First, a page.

On Sept. 26, the Centers for Disease Control and Prevention and the National Foundation for Infectious Diseases officially kicked off campaigns to encourage people to get their annual flu vaccinations. A stronger-than-average vaccination rate is needed for what is predicted to be a challenging season, experts said.
To gain insight on the upcoming U.S. flu season, health officials look to the Southern Hemisphere, where winter and flu season occurs earlier. In Australia, the recent flu season was severe, eclipsing 2017-2018, the country’s previous worst season on record. That season also set records in the U.S., with an estimated 79,000 deaths. Flu activity also spiked earlier than usual in Australia this season.
According to survey data from NFID, 60% of adults recognize that getting a flu shot is the best way to prevent flu deaths — but only 52% are planning to be vaccinated this season. Among those at high risk, 25% said they were not planning to get vaccinated.
The survey also explored why some adults are skipping their vaccines. About half said they thought the flu shot was not effective enough. About a third were concerned about side effects. And about one-fifth of respondents said they worried about contracting the flu from the flu shot, a belief that is mistaken.
Can I get vaccinated and still get flu? Yes. It’s possible to get sick with flu even if you have been vaccinated (although you won’t know for sure unless you get a flu test). This is possible for the following reasons:
- You may be exposed to a flu virus shortly before getting vaccinated or during the period that it takes the body to gain protection after getting vaccinated. This exposure may result in you becoming ill with flu before the vaccine begins to protect you. (Antibodies that provide protection develop in the body about 2 weeks after vaccination.)
- You may be exposed to a flu virus that is not included in the seasonal flu vaccine. There are many different flu viruses that circulate every year. A flu vaccine is made to protect against the three or four flu viruses that research suggests will be most common.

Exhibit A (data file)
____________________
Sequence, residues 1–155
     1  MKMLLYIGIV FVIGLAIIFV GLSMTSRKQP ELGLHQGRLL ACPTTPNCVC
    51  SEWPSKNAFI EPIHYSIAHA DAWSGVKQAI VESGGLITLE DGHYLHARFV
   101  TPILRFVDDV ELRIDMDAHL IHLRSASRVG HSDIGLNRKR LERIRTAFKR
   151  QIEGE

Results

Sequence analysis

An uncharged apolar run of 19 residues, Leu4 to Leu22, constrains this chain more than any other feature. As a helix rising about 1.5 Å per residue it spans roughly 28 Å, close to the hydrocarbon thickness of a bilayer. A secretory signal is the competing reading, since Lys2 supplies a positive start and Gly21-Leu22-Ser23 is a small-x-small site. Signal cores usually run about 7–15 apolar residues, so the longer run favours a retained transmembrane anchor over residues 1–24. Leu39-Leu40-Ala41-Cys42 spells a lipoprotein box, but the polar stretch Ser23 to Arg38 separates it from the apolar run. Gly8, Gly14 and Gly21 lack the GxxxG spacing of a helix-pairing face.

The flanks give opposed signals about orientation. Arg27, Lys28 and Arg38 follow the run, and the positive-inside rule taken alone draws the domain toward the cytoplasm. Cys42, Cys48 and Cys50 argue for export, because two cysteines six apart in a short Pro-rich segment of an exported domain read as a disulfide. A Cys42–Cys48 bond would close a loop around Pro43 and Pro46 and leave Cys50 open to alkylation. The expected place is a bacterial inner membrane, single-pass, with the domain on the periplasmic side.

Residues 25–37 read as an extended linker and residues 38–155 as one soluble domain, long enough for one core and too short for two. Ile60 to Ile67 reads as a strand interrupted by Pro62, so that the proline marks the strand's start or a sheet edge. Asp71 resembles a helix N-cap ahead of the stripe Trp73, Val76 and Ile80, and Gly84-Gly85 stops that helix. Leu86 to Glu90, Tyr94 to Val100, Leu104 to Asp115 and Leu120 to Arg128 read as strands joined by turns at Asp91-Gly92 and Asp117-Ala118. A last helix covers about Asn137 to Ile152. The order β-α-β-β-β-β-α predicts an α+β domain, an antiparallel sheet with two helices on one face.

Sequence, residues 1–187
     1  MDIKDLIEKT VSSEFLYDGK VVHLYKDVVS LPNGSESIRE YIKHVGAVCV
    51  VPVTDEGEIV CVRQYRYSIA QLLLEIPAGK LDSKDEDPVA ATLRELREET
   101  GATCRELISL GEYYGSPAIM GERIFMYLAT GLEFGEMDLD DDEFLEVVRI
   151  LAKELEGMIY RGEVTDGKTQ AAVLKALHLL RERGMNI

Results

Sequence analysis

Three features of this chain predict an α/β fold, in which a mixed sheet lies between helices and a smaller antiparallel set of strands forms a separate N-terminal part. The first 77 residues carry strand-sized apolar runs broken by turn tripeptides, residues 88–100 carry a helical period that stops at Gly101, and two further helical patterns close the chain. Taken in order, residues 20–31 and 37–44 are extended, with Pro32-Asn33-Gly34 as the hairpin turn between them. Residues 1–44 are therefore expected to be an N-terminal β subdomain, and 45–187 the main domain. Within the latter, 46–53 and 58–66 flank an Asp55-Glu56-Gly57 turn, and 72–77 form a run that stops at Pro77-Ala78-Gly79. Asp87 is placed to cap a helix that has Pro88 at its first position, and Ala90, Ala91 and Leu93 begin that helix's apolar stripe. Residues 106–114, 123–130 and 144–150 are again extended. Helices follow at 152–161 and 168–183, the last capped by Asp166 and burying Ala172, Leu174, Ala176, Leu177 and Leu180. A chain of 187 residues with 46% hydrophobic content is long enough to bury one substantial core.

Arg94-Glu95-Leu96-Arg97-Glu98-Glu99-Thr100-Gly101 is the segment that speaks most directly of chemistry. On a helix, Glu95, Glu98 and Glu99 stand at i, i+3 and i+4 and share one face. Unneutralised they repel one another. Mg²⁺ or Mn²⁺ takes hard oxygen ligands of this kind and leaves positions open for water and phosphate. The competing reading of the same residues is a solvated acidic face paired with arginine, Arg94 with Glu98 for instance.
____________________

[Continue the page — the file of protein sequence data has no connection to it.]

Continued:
What happens in the body when someone has flu? Flu viruses usually infect the respiratory tract (i.e., the airways of the nose, throat and lungs). As the infection progresses, the body’s immune system responds to fight the virus. This results in inflammation that can trigger respiratory symptoms such as cough and sore throat. The immune system response also can trigger fever and cause muscle or body aches. When infected people cough, sneeze, or talk, they can spread flu viruses in respiratory droplets to people who are nearby. People might also get flu by touching a contaminated surface or object that has flu virus on it and then touching their own mouth or nose.
Most people who become sick will recover in a few days to less than two weeks, but some people may become more severely ill. Following flu infection, moderate complications such as secondary ear and sinus infections can occur. Pneumonia is a serious flu complication that can result from either flu virus infection alone or from co-infection of flu virus and bacteria.
Contact Yavapai County Community Health Services at 928-771-3122 to schedule an appointment at our locations in Prescott, Prescott Valley and Cottonwood, and now on the 4th Friday of each month in Chino Valley.